We’re also not going to do that because it’s not true.

The truth is, you have four legitimately good options for IT support. The best option for your business will depend on several things.

  • What are your priorities?
  • What state of growth is your company in?
  • What are you trying to accomplish?
  • What are your technology needs?
  • Who are your clients?
  • Where are your clients?
  • And what do you find fulfilling?

So let’s take an unbiased look at each possible approach. By the end of this whitepaper, you’ll know which IT support strategy is the best fit for your business.


A lot of the articles online about business IT support argue that a DIY approach is a mistake—which is a shame. If your company is small and only uses a handful of tech solutions, handling everything yourself without the expense of dedicated IT support staff or outsourced managed services can be a great option.

The reason so many “experts” encourage business owners to avoid DIY IT support is because it’s tempting to stick with this strategy even after you’ve outgrown it. If your company is small, focused exclusively on local business, and doesn’t rely on advanced tech tools to get through the workday, it’s entirely possible to handle all your own IT support, yourself. But the minute you start to feel like you’re in over your head, get some help.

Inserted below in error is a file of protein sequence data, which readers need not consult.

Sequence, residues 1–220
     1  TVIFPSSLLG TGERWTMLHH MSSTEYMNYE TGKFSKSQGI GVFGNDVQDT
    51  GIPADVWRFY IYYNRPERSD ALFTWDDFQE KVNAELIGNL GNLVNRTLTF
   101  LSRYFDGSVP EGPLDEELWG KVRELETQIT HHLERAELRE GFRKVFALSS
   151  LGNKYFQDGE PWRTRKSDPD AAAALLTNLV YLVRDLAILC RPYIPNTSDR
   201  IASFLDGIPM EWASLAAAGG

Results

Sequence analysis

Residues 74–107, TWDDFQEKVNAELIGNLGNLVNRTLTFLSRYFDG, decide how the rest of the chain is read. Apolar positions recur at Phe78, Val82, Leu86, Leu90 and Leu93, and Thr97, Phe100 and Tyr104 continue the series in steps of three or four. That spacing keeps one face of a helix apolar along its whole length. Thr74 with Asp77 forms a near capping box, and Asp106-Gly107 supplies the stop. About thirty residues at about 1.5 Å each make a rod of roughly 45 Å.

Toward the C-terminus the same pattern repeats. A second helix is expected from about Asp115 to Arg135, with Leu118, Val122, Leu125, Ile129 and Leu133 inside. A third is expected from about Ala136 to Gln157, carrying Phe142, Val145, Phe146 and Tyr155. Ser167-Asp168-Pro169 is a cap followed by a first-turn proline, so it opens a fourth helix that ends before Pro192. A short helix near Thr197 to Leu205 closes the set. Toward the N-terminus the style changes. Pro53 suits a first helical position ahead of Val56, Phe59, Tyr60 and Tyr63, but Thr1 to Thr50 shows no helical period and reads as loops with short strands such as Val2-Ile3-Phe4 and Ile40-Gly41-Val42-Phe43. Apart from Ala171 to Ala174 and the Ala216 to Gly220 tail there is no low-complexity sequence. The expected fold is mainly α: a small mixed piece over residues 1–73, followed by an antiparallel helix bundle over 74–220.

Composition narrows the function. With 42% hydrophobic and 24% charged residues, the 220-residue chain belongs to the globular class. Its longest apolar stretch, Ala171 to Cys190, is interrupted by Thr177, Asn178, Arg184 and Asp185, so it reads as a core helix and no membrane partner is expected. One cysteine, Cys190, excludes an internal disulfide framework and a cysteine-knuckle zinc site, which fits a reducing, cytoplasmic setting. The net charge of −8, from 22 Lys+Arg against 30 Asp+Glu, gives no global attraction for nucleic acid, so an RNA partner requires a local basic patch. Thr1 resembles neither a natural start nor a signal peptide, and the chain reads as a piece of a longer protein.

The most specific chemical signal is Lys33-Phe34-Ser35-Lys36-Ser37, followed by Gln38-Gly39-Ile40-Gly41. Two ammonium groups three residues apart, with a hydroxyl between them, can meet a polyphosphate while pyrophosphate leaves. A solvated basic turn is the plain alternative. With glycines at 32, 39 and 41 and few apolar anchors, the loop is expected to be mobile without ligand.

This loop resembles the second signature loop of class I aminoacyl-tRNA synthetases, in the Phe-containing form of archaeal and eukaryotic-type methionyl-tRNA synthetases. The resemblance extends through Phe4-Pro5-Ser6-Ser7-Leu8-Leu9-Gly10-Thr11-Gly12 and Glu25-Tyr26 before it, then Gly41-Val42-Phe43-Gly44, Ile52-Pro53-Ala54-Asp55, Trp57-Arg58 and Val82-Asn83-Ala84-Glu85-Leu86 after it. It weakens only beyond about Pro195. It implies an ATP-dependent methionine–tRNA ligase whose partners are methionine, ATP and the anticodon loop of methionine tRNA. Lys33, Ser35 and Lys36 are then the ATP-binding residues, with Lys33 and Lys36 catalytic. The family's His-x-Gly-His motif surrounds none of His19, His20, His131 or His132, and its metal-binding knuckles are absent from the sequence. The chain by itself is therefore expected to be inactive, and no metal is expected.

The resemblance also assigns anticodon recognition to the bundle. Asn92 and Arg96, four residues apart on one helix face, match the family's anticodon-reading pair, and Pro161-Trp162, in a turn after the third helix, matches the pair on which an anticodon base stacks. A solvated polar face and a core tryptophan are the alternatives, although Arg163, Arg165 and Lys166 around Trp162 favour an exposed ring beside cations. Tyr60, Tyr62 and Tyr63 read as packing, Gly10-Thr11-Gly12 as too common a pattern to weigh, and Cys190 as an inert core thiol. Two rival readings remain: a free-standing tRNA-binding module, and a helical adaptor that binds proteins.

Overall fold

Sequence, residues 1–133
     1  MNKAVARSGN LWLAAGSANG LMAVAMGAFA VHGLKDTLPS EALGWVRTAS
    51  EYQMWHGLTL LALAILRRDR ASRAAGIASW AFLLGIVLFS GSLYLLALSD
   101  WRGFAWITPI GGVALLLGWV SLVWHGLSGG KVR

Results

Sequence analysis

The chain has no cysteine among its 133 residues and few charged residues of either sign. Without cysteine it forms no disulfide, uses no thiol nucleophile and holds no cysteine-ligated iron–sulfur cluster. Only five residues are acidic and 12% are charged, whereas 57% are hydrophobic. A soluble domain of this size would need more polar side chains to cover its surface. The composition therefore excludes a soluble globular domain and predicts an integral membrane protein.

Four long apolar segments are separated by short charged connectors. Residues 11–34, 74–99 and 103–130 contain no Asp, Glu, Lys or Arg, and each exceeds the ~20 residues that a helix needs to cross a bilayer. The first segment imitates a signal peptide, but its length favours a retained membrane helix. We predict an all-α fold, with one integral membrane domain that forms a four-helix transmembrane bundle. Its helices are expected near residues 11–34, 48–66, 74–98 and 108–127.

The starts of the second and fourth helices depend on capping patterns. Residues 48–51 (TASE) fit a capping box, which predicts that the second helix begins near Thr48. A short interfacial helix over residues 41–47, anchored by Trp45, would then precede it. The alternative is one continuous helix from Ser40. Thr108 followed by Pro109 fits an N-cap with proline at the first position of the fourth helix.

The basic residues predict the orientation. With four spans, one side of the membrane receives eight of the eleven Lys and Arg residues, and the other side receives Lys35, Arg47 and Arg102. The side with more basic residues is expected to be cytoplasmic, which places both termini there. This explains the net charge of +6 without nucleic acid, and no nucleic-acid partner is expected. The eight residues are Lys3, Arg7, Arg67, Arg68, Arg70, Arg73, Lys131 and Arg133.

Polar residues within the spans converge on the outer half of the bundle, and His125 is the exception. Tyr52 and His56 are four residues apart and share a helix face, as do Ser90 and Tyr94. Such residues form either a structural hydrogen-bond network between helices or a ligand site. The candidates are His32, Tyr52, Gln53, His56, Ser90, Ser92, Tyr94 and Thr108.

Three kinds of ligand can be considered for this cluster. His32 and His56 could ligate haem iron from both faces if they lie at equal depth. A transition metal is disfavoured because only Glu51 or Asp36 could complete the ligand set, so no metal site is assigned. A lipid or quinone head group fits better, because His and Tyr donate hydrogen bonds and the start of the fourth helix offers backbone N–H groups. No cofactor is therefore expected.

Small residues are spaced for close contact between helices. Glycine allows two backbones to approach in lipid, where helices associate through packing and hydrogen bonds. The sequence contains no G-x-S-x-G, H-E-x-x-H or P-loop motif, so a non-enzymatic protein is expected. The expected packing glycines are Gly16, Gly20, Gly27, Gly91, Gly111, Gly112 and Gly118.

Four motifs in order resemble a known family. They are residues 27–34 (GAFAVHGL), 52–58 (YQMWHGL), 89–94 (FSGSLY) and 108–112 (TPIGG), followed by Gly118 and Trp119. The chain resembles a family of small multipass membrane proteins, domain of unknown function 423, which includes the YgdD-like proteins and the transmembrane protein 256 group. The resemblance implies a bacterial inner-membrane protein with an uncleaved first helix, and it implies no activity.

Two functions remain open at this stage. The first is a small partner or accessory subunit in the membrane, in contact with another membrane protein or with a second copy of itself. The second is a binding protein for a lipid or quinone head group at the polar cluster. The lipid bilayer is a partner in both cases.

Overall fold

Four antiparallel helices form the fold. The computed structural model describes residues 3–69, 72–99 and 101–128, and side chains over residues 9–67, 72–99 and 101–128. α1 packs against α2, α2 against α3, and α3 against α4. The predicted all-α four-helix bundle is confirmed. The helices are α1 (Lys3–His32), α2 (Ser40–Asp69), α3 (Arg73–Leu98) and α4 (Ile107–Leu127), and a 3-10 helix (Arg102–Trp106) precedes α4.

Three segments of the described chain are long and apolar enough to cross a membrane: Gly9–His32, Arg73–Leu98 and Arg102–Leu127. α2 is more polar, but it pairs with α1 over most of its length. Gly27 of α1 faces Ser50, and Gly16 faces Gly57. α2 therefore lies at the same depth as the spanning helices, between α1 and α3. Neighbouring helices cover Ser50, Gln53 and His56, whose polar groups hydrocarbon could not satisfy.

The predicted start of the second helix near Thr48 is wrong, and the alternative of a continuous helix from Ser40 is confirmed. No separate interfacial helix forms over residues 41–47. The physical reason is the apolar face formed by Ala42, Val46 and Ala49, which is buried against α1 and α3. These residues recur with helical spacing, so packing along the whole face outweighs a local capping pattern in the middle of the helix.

If you’re interested in doing it yourself, get ready to become a research hound. You’ll have to invest some time (and energy) in learning about the best options for your business. But there are solid insider websites out there that can help. TechCrunch, TechRepublic, Wired and Tom’s Hardware are all great places to start.

This Option Is Best For: Small businesses focused on local clientele with minimal technical needs.

In-house IT Staff

While DIY IT support is fine for a few employees, once you hit a headcount of around 10 you may start to feel the need for something more sophisticated. One option is to hire your own in-house IT staff person—someone whose whole job is to make sure your network is up and running at all times.